GuelphToday asked those running for city council in the Oct. 22 municipal election to supply a brief biography and outline their platform and/or why they are running.THE PERSON: Jason Dodge is a longtime resident and active volunteer in the Guelph community. His wife Jessica and his children Siarra (16), Jordan (9), and Stephanie (6), are proud Ward 3 residents.
Jason's contributions to Guelph come from a belief that "you invest in the community you live in". He has served as a volunteer coach in Guelph Minor Baseball, as a member of the Guelph Mercury Community Editorial Board, autism awareness and advocacy campaigns, and chair of the 2018 inaugural Home Runs for Hospice fundraiser in support of Hospice Wellington.
Jason also serves on the Guelph Accessibility Advisory Committee at city hall with a focus of creating awareness and removing barriers to accessibility and inclusiveness in our community.
Professionally, Jason is a proud employee at Hospice Wellington in Guelph where he works with an amazing group of people. The care and compassion demonstrated on a daily basis at Hospice Wellington, coupled with the realities of creating, managing, and balancing their capital and operating budgets, exemplify the approach Jason will bring as your Ward 3 representative on city council.
THE PLATFORM: Ward 3 needs balanced representation. There is a critical element missing in our Ward 3 representation: The daily realities facing families, seniors, and young professionals in Guelph.
Ward 3 housing affordability has changed. The average family home has changed. Dual incomes have become the norm because the pressures of raising a family, paying a mortgage, and keeping up with the cost of living has never been more challenging. It's this critical element of our community that I believe our representatives have lost touch with.
Twenty years removed from raising a family, paying a mortgage, or having to stress about finding that extra $400/year to keep up with tax increases, our representatives are failing the large demographic who are being left behind in Ward 3.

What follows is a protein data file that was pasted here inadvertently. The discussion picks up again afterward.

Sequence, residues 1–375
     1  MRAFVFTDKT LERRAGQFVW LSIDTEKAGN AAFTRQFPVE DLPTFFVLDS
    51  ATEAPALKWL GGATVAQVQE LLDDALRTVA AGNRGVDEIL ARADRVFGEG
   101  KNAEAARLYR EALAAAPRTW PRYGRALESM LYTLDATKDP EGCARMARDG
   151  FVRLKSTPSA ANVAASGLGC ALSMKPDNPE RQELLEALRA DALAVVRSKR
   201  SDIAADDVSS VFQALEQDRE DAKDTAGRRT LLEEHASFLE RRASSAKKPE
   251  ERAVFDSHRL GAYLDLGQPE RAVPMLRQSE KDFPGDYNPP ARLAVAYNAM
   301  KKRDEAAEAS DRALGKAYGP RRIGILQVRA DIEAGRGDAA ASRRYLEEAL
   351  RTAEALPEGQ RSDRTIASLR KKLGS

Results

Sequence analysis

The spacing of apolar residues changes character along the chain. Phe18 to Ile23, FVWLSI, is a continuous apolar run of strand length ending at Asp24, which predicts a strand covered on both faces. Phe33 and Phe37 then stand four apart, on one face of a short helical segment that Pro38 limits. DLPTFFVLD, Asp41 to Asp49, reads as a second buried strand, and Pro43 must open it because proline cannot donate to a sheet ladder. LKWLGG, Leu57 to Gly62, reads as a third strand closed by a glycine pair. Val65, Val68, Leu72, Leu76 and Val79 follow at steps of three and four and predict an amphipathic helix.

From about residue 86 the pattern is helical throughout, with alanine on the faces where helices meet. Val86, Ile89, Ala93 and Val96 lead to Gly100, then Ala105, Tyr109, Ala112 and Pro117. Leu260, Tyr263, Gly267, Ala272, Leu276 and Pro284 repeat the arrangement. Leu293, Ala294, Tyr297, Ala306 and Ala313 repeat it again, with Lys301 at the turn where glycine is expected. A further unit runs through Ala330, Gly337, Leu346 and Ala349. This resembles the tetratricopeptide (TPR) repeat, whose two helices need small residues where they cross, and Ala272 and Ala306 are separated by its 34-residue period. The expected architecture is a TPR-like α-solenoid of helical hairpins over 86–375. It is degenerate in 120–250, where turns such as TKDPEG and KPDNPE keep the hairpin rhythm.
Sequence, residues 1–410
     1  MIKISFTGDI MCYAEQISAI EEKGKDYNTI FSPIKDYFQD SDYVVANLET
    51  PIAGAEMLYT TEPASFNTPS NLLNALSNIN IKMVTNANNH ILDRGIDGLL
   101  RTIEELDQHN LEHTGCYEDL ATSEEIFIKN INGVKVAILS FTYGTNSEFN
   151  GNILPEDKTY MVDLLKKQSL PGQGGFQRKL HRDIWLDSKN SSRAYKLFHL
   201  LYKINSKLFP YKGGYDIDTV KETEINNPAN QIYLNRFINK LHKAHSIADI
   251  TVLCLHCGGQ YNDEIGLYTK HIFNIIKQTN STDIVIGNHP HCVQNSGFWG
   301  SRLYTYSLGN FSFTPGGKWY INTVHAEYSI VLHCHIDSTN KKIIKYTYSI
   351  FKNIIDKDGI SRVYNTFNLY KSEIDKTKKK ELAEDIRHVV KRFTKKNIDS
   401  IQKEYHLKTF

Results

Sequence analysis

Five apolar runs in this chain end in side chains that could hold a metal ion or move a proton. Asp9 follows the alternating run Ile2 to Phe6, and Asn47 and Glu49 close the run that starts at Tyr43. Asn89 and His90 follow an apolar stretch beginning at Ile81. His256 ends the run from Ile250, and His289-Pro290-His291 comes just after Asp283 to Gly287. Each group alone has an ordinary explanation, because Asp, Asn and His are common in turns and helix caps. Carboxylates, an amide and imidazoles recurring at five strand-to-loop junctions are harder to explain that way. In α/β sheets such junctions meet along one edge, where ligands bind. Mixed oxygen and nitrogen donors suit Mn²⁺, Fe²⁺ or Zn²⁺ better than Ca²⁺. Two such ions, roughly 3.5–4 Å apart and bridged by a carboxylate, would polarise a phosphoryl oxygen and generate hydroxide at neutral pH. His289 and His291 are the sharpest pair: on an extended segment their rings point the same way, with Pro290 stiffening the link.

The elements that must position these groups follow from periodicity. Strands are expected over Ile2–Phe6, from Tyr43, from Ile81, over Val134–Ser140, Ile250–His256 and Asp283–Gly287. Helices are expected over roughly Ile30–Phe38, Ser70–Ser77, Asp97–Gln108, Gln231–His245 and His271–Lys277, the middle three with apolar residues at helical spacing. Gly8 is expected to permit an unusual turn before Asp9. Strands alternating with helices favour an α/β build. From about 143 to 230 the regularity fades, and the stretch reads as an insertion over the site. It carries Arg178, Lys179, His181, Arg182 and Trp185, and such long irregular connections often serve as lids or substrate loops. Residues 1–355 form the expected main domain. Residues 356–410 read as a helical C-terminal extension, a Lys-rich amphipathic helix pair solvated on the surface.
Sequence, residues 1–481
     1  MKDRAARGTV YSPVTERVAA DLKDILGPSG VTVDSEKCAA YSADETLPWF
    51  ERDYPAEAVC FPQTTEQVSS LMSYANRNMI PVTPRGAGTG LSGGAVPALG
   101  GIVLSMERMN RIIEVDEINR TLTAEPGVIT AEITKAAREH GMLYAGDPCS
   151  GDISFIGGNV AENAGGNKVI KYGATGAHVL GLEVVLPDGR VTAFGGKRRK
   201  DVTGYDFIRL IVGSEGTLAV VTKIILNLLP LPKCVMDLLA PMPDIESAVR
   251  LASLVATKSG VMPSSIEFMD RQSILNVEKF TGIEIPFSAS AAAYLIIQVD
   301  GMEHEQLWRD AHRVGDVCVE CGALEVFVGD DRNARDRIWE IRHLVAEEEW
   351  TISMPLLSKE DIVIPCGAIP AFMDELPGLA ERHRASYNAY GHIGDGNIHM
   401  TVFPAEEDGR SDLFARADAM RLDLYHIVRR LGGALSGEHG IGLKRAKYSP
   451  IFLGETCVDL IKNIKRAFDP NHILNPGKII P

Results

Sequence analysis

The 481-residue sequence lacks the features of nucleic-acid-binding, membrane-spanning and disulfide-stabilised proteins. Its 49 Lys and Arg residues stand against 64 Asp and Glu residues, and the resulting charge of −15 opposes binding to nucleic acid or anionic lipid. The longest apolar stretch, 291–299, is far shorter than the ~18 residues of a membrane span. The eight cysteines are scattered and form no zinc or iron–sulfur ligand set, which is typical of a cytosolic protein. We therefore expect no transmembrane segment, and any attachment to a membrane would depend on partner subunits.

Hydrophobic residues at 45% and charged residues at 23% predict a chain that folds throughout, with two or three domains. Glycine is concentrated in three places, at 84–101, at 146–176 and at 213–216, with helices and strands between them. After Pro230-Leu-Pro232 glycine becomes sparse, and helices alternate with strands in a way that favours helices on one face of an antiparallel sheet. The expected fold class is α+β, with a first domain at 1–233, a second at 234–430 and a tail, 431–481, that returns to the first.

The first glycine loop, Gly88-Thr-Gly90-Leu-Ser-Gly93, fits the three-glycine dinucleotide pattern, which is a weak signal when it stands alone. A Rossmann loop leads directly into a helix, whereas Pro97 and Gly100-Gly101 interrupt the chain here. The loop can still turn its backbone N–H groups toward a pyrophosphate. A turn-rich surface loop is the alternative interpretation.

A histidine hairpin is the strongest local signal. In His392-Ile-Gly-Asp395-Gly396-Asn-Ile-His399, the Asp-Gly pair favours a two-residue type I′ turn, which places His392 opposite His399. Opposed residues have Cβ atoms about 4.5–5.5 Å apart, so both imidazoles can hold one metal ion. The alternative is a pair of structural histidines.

Gone are the days of purchasing our homes outright and retiring with comfortable indexed pensions to live on. It is no longer a reality for most of us, and yet it has gone unaddressed by our representatives.
It's time to acknowledge this reality and view modern day issues through a modern day lens.Our city has changed dramatically in the past 20 years, and it's now time for fresh representation in Ward 3. Representation that leaves no one forgotten or ignored.
LIVEABILITY: Our roads, bike lanes, and walking trails need attention. Band-aid solutions for our transit system and core services can no longer continue. Outdated bylaws need to be reviewed and the bureaucracy and red tape stifling ingenuity and entrepreneurship in Guelph need removed. How our tax dollars are spent needs to be held to greater accountability in order to provide us the confidence that value and services are addressing all of our needs.
AFFORDABLE HOUSING: Our current representatives have been wildly inconsistent on this file. Saying "Yes" but voting "No".
I will vote to invest in affordable & accessible housing so our children's futures can be in Guelph. I will not support redirecting funds away from affordable housing reserves.
PARKS AND RECREATION: Our parks and sports venues have no champion at city hall. Our representatives have sat silent on these vital elements of our Ward three for years and now they are in dire need of investment.
Protect and utilize our parks. No more missed opportunities to attract tournaments and events to our city. Give our kids a safe place to play and be proud of.
I'm committed to advocating for real investment in our Ward 3 parks and sports venues that will increase tourism and create sustainable revenues for our city.
HEALTH AND SAFETY: The negative impacts from the opioid addictions in Guelph has grown substantially. Our police force can not keep up with the petty crimes, violence, thefts, and needle disposal issues.
Council needs to be leaders by exploring innovative ways to address the core issue of opioid use. Partnering with agencies like the police, CMHA, and other private organizations is needed. Get those addicted in front of a support system, not a court judge.
Hospital expansion/build can not be ignored! When the province tells us to build or expand, Guelph is responsible for 10 per cent of the funding. Don’t let this turn into another tax levy burdening our households. We need representation willing to make this issue a priority.